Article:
In the novel, you have focused on a part of India that hasn't been written about much in Indian-English literature, and in a sense, you have become a writer who represents a certain corner of India. Is this burden?
In the beginning, there was this desire to focus a lot of my energy on the culture, the food, the mannerisms, the clothes. And then I quickly realised that describing a Nepali outfit for six pages doesn’t a good story make. Sure, you can do that, and it’s great fun to do it, but I’d rather concentrate on the story. That’s why I write fiction—to tell stories. I don’t do it to call attention to the plight, sufferings and struggles of my people. I don’t do it to let the world know how rich my culture is. Of course, I feel for my people. Of course, I am proud of where I come from. I want the world to know about the Bhutanese refugee situation. I think the demand for the state of Gorkhaland, Nepali-speaking people asking for a separate state, is legitimate. But do I employ fiction to throw light on these issues? No. I write fiction to tell stories. It’s as simple as that. I may use various other kinds of writing—essays, long-form journalism, columns—to bring attention to issues I care about. The burden becomes greatly reduced when you keep telling yourself why you write.
The response from people has been fantastic, overwhelming, gratifying. People who have been herded out of Bhutan especially send me the sweetest messages about my book bringing attention to their illegal ejection. I understand fiction is serving a purpose beyond storytelling here, but that was never my plan. If my work is doing some good somewhere, it’s wonderful, but I don’t write fiction with the purpose of engendering world peace.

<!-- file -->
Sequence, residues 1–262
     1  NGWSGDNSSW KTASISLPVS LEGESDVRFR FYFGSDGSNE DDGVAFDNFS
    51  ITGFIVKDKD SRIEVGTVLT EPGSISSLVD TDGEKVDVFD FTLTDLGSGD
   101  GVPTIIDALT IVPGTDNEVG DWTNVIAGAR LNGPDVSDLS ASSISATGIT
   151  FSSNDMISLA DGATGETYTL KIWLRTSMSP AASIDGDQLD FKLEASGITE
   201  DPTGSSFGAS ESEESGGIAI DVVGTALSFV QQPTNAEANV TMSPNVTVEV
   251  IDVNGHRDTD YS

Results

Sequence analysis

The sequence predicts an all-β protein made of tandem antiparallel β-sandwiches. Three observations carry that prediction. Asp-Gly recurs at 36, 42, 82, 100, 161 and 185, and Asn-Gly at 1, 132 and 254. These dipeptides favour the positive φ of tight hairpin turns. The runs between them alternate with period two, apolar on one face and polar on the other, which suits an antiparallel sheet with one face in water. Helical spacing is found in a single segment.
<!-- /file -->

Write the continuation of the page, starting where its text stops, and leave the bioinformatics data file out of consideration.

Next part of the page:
You are 29 and have two successful books behind you. Could you tell us a bit about the kind of discipline that goes into your writing?
I am the least disciplined writer on earth. In fact, I am the least disciplined person on earth. I do nothing for days, weeks and months, and then one day inspiration strikes. How it comes about is still a mystery. I cancel all my appointments, I isolate myself from friends and family, and I write and write and write. Before I know it that burst of productivity will disappear, so I know better than to let go of it. I have written for sixteen-hour stretches only not to write for months after that. How I have managed to complete two books is as much a mystery to me as it is to people close to me. I’ve tried everything—writing a certain number of words a day, rewarding myself at the end of a productive day—but it’s futile. Forcing myself to write just doesn’t work for me. Just as there’s very little discipline in the act of writing, there’s also very little discipline in my craft—creating outlines, bullet-pointing and creating character sketches aren’t for me. Characters fly away, plots meander and the story or the chapter becomes very different from what was planned. I sit down, I type, and I don’t know what journey my characters will take. My first draft is always lousy—full of ellipses, inundated with superfluous commas, plenty of places with “use better words for” cuteness. I have a core group of readers, and each one is more ruthless than the other, with whom I share all my drafts.
I don’t think a book ever feels finished. Writing a book is such a long, drawn-out process that when you come to the ending, it’s almost anti-climactic.
Prajwal Parajuly’s novel, Land Where I Flee, will be published in hardback in the UK by Quercus this week.